Media needs self-censorship in reporting school arsons
Reports in the media of school fires have been incessant. Today it is this school, tomorrow another and so on. The case of Buru Buru Girls was particularly graphic.
It started with bystanders looking across a thick wall to a storied building across the concrete fence. Then a young girl, still in uniform, emerges from a window of an upper floor and after a pause plunges below. The wall covers the landing now left to imagination.
Poor girl! You imagine the parents of that girl! Your heart jumps off your chest wondering what happens to her next – whether she is alive or not, and whether her bones are still intact. Will she be disabled for life?
The other cases are not any less graphic. The smoke billowing out of the Sigalame Boys’ School dorms engulf the entire building and you wonder how anybody escapes the inferno. Somewhere in the 7pm or 9pm news, these images headline the bulletin. But should this be so?
Most countries subscribe to a social responsibility paradigm of the media. Kenyan media apologists take the same line – that Kenyan media is socially responsible.
We feature many of the characteristics of a socially responsible media sector. Kenyan media is predominantly privately owned – one of the major characteristics of social responsibility.
There may be debate whether KBC is dominantly owned by the government. But KBC does not dominate nor define the Kenyan media sector. It is just one of the players.
Kenyan media sector would shout from the rooftops that it abides by the Code of Ethics as enshrined in the second schedule of the Media Act. That is another of the characteristics of a socially responsible media.
Third, the Kenyan media subscribes to promoting the rule of law or in other words, faithful to the principles of democracy. Media that are socially responsible are supposed to promote democracy, discourage authoritarianism and the encroachment of communism into the apparatus of governance. Of course, that is a self-preservatory measure because a centrally controlled economy would inhibit free enterprise and unfettered profit drive.
By nature, then, social responsibility subscribes to advocacy journalism. I am not sure that they would use those words, but to the extent that they would promote democracy then they, assume advocacy role.
Yet another characteristic of socially responsible media would be that they would consider the overall needs of society in their journalistic practice. How their content affect society generally is at the core of their reporting?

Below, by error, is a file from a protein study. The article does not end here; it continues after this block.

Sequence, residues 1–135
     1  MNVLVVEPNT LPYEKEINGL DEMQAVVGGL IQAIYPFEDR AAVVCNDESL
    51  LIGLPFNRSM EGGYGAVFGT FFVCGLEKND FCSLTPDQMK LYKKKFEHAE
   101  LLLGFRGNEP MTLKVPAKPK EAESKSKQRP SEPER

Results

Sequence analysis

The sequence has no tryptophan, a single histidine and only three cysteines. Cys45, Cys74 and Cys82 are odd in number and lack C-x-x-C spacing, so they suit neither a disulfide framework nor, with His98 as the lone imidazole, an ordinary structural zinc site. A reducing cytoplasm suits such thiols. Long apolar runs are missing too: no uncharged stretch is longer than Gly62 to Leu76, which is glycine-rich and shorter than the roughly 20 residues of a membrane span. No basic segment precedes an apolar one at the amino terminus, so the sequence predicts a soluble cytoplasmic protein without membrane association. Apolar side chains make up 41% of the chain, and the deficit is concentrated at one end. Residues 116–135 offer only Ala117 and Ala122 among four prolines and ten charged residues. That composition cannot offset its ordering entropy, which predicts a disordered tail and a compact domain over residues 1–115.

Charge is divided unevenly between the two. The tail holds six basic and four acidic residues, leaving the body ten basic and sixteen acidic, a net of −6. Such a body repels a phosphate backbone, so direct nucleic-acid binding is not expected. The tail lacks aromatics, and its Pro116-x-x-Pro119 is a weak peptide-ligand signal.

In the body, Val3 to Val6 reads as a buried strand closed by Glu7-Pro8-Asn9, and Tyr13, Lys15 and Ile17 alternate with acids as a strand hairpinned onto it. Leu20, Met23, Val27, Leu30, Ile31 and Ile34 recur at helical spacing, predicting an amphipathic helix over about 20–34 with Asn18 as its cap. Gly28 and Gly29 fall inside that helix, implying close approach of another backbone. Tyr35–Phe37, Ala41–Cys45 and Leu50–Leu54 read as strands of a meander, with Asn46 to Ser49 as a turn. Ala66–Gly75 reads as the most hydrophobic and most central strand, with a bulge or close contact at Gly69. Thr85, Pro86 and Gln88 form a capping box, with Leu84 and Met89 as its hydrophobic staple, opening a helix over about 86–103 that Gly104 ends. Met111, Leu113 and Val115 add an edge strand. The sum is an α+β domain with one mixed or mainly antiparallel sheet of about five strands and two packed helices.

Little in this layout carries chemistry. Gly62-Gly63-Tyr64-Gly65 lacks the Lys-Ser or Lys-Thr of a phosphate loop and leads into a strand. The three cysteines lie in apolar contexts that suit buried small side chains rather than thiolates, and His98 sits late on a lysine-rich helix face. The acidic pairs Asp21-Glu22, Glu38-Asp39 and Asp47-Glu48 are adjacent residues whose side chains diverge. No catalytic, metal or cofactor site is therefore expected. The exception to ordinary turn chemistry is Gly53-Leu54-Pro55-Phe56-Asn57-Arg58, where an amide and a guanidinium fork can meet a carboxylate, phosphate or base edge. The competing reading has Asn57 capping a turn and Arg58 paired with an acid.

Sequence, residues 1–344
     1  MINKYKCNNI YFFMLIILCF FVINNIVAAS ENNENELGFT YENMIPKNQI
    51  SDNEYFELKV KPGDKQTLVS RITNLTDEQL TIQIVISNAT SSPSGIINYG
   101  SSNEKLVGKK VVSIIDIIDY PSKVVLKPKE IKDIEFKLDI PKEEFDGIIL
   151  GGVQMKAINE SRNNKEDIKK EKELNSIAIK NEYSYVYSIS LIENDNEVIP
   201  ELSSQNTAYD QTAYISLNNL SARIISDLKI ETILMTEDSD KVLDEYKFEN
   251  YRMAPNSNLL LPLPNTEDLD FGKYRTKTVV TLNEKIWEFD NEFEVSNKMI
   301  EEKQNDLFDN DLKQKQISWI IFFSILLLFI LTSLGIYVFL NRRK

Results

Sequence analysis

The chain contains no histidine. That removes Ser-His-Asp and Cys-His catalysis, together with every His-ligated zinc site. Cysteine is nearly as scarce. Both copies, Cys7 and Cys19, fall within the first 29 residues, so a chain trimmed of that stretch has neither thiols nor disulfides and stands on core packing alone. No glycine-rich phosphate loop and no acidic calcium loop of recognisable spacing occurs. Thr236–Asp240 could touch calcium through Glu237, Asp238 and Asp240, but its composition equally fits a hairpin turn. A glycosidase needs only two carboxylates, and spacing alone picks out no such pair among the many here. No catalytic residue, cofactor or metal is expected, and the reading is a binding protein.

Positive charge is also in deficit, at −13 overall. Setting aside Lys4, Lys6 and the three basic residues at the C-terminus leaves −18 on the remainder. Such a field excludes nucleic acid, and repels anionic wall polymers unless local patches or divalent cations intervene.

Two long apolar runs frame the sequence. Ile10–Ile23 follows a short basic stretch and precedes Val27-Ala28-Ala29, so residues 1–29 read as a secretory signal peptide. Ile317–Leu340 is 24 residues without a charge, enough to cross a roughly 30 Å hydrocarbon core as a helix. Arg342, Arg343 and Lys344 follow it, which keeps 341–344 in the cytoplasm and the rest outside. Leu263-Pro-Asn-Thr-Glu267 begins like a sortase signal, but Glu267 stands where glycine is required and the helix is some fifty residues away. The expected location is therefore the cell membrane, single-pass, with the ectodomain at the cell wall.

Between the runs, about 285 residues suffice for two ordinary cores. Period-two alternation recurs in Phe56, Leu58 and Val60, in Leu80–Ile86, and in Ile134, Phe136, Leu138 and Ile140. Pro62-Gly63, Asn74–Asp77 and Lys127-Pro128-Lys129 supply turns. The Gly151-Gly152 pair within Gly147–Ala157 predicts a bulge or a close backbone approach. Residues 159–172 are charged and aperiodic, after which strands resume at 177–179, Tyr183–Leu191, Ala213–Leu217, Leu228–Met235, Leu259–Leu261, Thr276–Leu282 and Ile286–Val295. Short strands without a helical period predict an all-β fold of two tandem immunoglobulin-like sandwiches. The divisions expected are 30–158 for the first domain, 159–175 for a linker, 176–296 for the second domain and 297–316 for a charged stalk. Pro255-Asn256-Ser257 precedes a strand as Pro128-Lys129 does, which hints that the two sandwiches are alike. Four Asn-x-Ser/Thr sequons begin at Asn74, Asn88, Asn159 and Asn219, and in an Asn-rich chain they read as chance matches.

An event may then fit into the parameters of what qualifies for a breaking story, but since it may not be in the self-interest of society, then media would let the event pass as a non-story. It is self-censorship at its best although I doubt that socially responsible media would frame it in those terms.
Which bring us back to the question that should have been at the top of this story. Should the arsons in our schools be covered in the media? Or how should they be covered? What purpose do these stories serve? Human beings have an inherent need to be recognised. Could that fuel copycat practice in schools by students who may seek limelight?
Coverage of the arsons in schools has not been balanced. There is a bigger picture. Majority of schools are not going up in flames. The stories do not show that acts of arson have consequences and that those consequences are dire.
In the 2017 elections media demonstrated restrain by not covering many of the political hotspots for the fear of being accused of funning violence. The reasoning was that if it was not covered then it did not happen, and thus there would be no reason for copycat acts elsewhere in the country.
Could such an approach to the arsons in schools help reduce their frequency? Such social responsibility approach would serve society’s greater good and should be demanded of the media.
—The writer is dean, School of Communication, Daystar University